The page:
The second season of Downton Abbey began here on PBS last night. I've been waiting forever for the new season, and the first night did not disappoint. If you aren't watching, it's a bit like Upstairs Downstairs, but set in the Edwardian era and featuring much more scandal and action.While waiting for the new episodes, I found the book Lady Almina and the Real Downton Abbey to keep me entertained. Downton Abbey is filmed at Highclere Castle, the home of the Earl and Countess of Carnarvon, and Lady Almina (written by the current Countess) looks at the life and times of the Edwardian era's Carnarvon family.
Featuring letters, diary entries, photographs, and memories of long-time servants and employees, the book tells the story of Lady Almina, a young woman who (like Cora Crawley on Downton) brought a huge fortune to her marriage with the 5th Earl Carnarvon. Almina was the illegitimate daughter of the fabulously wealthy Alfred de Rothschild, but the Carvarvons were willing to overlook that little fact as long as the money flowed in.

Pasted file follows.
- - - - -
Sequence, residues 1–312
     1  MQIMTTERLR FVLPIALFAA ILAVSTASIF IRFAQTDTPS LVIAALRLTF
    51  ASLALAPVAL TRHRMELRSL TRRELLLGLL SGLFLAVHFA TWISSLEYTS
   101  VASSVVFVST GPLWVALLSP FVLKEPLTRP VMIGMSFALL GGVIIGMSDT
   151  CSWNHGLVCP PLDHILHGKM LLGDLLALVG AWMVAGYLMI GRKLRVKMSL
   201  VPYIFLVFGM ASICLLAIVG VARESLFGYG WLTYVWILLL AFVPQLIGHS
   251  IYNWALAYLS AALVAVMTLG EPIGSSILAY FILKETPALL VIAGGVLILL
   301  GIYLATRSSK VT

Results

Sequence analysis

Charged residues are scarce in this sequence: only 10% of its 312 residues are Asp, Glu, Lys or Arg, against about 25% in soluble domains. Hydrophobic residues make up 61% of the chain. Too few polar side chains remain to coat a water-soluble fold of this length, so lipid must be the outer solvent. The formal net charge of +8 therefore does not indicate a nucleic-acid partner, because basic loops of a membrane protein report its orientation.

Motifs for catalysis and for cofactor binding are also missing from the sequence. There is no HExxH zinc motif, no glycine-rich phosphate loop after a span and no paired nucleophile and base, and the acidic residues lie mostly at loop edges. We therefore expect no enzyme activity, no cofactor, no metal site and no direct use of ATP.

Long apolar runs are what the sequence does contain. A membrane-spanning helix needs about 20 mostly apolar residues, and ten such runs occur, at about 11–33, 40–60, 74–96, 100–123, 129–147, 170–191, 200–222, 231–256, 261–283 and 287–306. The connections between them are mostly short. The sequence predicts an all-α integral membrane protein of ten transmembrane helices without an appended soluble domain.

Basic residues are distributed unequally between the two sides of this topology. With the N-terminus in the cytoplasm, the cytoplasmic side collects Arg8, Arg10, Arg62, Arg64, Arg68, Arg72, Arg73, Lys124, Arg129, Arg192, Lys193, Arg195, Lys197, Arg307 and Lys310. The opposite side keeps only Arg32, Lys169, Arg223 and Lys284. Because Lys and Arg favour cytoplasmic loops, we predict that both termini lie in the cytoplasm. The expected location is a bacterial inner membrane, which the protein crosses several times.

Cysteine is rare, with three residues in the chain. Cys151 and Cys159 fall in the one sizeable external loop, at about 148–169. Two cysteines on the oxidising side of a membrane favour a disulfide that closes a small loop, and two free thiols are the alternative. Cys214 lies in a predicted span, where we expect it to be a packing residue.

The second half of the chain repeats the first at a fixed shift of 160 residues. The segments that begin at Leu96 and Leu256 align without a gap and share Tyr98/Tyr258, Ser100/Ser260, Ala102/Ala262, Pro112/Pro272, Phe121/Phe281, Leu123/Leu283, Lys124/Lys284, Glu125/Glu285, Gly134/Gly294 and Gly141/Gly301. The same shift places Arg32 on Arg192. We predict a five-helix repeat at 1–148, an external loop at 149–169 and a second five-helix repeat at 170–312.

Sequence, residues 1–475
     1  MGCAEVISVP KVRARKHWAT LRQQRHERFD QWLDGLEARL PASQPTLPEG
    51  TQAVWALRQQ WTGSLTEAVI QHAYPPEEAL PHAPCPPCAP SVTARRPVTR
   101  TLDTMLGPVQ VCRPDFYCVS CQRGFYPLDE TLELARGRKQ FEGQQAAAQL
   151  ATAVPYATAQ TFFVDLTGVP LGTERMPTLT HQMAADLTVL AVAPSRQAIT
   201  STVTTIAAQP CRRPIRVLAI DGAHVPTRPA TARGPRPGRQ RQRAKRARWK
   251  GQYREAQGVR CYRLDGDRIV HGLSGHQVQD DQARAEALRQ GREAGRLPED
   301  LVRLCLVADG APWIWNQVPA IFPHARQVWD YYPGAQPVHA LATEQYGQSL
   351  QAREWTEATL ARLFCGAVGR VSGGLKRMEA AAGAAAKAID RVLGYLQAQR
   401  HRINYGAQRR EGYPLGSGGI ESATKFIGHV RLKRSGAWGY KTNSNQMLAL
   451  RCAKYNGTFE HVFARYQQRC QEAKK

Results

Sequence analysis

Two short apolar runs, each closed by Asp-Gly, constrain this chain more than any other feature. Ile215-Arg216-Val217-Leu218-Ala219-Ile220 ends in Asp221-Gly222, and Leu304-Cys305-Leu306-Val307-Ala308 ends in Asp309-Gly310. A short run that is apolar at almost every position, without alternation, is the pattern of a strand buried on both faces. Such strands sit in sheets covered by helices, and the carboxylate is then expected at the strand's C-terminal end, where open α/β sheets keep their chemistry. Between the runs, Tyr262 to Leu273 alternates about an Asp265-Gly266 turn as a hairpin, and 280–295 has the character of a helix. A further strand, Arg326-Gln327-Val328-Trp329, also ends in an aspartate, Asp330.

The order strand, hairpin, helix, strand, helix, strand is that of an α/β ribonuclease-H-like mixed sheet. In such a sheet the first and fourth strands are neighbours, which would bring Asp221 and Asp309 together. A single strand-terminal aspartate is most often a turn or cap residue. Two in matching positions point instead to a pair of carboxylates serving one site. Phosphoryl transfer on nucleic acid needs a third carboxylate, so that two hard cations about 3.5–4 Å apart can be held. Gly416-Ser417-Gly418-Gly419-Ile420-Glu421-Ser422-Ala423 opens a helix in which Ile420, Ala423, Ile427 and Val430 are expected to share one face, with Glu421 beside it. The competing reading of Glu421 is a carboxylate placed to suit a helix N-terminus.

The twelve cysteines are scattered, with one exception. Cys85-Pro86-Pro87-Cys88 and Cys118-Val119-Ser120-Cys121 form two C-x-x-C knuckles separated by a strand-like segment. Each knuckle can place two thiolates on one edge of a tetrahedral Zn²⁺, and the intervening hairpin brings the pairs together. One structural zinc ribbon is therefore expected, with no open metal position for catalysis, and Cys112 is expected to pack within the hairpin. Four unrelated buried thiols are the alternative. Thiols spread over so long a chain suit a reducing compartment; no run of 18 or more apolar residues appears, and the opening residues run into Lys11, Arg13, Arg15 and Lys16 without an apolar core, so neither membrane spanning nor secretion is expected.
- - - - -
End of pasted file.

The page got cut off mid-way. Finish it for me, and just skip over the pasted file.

Luckily for Almina, she and her husband (known as Porchy) were in love and seemed to have had a successful marriage. Her money allowed the Earl to travel the world, and later to be involved in the famous opening of the King Tut tomb with Howard Carter.
But the better part of this book is when it focuses on Highclere, its inner workings, and the golden era of the Edwardians. That, for me, is the compelling part of Downton Abbey, too.
It would be impossible to focus on just a few servants in the book, the way the TV show does. Highclere Castle had a platoon of servants rather than the few shown on Downton. The Highclere staff even had a boy who did nothing but watch the bells from each room to ensure that he alerted the appropriate servant when services were required. After all, there were 66 bells that could ring at any time.
Unfortunately for Highclere, and for Downton, the Edwardian era ended with the start of World War I, when Highclere also served as a hospital, just as Downton Abbey will in the next episode. Photographs from that time show the Countess, her family, and her staff in nursing uniforms, entertaining young soldiers as they recuperated.
As you're watching Downton and you see the shots of that beautiful building, keep in mind that it truly was a home, housing a family and a household of servants that were clinging to an era that was quickly slipping away. As Matthew said on last night's show, "It seems like another world."